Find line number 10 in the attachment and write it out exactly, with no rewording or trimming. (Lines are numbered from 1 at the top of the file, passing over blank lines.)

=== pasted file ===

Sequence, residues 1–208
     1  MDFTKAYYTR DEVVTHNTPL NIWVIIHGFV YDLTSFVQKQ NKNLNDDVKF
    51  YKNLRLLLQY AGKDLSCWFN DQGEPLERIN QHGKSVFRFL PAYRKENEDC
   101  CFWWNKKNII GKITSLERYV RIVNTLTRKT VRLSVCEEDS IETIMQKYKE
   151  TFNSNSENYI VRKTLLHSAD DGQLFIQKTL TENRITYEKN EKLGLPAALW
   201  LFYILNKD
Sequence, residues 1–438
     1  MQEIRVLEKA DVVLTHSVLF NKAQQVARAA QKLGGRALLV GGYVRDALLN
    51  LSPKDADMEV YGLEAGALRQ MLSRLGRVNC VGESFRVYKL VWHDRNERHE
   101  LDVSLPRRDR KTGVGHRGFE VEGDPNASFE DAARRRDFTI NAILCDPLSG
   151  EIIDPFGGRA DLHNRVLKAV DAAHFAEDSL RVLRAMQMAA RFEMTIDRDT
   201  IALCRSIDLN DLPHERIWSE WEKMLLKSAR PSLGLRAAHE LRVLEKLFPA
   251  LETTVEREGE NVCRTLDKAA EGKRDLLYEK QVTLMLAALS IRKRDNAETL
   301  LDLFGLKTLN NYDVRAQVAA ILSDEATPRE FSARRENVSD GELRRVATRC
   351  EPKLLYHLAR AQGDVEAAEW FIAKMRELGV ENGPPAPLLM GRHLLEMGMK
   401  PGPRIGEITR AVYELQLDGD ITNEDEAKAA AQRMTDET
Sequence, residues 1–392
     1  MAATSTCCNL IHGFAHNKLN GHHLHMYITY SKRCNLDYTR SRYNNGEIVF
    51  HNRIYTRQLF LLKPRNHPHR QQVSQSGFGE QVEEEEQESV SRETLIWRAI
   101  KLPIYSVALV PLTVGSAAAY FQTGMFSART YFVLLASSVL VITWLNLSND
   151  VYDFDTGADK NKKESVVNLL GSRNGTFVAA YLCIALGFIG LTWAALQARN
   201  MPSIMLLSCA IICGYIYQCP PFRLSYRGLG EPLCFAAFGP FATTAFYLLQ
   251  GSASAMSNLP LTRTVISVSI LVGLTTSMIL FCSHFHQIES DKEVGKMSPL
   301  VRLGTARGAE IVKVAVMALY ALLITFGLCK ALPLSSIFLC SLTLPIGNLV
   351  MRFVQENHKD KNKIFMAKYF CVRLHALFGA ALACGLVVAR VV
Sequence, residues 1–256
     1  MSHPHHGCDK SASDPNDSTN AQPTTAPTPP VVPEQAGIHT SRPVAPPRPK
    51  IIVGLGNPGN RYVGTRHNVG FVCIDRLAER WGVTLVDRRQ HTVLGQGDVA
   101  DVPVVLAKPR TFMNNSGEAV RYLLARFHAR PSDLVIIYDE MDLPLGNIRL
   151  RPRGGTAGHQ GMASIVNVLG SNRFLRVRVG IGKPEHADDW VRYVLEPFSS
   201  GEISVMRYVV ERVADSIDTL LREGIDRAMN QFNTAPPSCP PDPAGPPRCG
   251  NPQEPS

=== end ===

   101  LDVSLPRRDR KTGVGHRGFE VEGDPNASFE DAARRRDFTI NAILCDPLSG